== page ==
France confirms parachuting in arms to Libyan rebels
France parachuted in weapons to Libya's rebels to help them fight Moamer Gaddafi's forces in the west of the country, the French military confirmed Wednesday, dpa reported.
Military spokesman Colonel Thierry Burkhard told AFP news agency that France had dropped light arms and ammunition to Berber tribes fighting government forces in the Western Nafusa mountains in early June.
His remarks come as the rebels make ground in the west, where they said Wednesday they had seized a large arms depot.
Rebels told Al Jazeera broadcaster that the discovery of more arms was a tremendous morale boost to the fighters and that the find included two Russian tanks, among other items.
France's confirmation that it directly armed the rebels is the first such move by a Western country and underscores President Nicolas Sarkozy's desire to achieve a swift end to four months of fighting in the country.
Until now, only Arab states such as Qatar have directly armed the rebels, through the eastern rebel stronghold of Benghazi.
Le Figaro reported French planes had dropped "large quantities" of rocket launchers, assault rifles, machine guns and anti-tank missiles to the fighters to help them advance on the capital Tripoli.
According to sources quoted by Le Figaro, France was acting unilaterally.
"We began by dropping humanitarian aid: food, water and medical supplies," Burkhard told AFP.
"During the operation, the situation for the civilians on the ground worsened. We dropped arms and means of self-defence, mainly ammunition," he added. Most of the arms were "light infantry weapons of the rifle type" he said.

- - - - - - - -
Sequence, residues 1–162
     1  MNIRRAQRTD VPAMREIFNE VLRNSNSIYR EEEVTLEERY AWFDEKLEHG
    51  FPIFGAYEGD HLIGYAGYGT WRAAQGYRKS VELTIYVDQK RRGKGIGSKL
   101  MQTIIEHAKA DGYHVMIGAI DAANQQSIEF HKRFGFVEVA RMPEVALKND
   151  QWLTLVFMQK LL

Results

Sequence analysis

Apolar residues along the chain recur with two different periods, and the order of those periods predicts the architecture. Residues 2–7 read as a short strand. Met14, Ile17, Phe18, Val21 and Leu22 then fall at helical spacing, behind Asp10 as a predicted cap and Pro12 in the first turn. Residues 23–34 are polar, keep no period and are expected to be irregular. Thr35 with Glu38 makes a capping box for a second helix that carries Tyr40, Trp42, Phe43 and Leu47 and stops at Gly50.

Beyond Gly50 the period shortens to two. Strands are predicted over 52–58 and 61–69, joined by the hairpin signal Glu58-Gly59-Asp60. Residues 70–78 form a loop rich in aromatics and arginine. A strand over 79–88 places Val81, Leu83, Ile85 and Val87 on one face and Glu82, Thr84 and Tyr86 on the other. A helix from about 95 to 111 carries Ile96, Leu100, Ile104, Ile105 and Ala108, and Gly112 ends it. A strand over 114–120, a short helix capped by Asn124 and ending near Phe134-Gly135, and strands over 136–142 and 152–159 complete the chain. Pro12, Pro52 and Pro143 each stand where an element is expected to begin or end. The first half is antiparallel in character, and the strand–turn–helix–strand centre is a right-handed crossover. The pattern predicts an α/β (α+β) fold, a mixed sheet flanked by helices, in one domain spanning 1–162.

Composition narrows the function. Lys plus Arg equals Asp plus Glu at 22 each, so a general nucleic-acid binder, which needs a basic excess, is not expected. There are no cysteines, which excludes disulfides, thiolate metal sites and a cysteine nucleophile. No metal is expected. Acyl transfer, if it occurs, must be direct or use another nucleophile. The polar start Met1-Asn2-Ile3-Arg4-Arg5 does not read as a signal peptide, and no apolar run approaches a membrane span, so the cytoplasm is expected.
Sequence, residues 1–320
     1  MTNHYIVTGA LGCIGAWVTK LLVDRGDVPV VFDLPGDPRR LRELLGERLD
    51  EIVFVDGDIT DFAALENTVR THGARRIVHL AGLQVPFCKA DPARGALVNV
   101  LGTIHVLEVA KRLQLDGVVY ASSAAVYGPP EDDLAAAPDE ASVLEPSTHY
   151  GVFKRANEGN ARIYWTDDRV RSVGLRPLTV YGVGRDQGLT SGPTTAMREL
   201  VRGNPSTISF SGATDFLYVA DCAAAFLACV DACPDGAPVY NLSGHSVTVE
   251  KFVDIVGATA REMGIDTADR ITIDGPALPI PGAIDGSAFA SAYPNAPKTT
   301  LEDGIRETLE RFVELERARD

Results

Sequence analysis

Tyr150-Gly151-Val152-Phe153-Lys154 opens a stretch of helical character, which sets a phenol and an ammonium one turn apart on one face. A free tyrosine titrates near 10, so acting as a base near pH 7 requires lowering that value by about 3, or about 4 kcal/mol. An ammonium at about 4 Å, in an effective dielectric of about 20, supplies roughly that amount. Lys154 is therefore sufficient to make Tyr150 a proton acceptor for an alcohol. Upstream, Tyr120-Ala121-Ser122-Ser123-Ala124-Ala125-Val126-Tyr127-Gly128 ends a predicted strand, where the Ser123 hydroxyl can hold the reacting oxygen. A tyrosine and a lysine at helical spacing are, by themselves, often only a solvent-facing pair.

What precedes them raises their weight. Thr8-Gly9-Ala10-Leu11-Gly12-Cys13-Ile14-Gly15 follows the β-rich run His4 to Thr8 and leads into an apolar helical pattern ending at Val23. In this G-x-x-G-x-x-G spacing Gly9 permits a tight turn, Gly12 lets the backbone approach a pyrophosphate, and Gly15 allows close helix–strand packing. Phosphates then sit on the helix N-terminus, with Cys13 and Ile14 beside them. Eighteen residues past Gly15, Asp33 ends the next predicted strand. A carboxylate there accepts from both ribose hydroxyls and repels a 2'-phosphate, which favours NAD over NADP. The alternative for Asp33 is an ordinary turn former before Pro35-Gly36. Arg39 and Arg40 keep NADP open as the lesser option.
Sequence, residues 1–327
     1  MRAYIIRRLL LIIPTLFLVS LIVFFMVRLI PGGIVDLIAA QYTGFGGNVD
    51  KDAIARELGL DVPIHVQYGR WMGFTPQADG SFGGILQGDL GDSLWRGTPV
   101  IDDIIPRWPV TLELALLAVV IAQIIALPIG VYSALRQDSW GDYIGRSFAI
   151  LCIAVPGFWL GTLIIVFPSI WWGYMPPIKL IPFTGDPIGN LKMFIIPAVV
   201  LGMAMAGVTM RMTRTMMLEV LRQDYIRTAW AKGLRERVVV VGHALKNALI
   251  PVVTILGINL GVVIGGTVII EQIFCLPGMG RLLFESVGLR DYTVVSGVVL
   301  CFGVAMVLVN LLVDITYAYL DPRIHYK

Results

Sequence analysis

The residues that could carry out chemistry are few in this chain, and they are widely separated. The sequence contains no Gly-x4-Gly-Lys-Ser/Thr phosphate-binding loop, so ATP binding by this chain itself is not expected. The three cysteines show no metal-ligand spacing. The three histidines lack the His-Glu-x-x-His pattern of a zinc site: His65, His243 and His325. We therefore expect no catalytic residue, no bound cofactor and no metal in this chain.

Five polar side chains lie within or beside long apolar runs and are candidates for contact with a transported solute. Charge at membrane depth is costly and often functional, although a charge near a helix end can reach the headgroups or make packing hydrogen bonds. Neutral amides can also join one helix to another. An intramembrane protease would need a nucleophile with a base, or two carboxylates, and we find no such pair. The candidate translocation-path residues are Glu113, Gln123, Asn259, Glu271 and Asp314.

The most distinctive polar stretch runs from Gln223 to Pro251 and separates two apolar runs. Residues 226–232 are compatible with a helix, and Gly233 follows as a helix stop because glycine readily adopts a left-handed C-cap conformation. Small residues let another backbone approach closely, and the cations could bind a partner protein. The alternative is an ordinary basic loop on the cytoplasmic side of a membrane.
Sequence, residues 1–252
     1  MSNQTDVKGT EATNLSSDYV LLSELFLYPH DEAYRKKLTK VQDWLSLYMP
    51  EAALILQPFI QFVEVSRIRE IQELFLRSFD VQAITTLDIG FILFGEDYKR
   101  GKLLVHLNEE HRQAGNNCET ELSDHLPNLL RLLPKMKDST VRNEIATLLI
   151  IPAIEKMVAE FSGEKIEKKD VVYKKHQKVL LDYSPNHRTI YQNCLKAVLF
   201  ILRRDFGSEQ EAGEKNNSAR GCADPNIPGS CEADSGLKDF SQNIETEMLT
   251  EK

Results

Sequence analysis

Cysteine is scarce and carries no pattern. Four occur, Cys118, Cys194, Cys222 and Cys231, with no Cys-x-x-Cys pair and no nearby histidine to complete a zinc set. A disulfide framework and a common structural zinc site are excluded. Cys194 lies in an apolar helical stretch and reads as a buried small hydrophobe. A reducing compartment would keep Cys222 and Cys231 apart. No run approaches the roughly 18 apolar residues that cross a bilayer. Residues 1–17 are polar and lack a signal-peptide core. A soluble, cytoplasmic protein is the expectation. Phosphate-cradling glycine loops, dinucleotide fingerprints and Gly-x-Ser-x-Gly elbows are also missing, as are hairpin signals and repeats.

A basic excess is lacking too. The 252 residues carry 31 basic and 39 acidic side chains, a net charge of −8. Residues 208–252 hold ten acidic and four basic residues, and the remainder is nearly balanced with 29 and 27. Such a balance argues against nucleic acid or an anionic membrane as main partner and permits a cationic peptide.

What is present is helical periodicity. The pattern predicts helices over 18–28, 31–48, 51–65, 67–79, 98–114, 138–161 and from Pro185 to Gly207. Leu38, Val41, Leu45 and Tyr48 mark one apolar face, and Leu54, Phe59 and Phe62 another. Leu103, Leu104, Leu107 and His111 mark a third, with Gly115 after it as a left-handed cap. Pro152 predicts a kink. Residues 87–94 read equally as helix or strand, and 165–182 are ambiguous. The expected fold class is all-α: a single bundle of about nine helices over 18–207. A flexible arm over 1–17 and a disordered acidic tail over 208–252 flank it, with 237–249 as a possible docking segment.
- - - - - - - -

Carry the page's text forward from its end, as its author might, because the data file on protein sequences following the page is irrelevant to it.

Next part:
The mountains south of Tripoli are seen as the rebels best hope for staging a march on the capital.
French planes have a unique system for dropping weapons by attaching them to a small parachute that unfurls to cushion the landing.
AFP reported that the French decision followed a meeting in mid-April between Sarkozy and the rebel's military leader, General Abdelfatah Younis, and that some 40 tonnes of weapons were sent in total, including "a few light tanks" smuggled across the Tunisian border.
The move is likely to stir further criticism of the intervention in Libya. Critics of the campaign said it has long shifted from its stated aim of protecting Libyan civilians to trying to effect regime change.
It is not clear whether the United Nations resolution that authorized the intervention covers weapons supplies. The US has said it believes the resolution does provide for it. France had previously ruled it out.
After four months, the rebels have secured the country's second and third largest cities, Benghazi and Misurata.
Tripoli, which has seen only sporadic anti-Gaddafi protests that have been swiftly quelled, is their hardest get.
The rebels are now about 60 kilometres south of the city.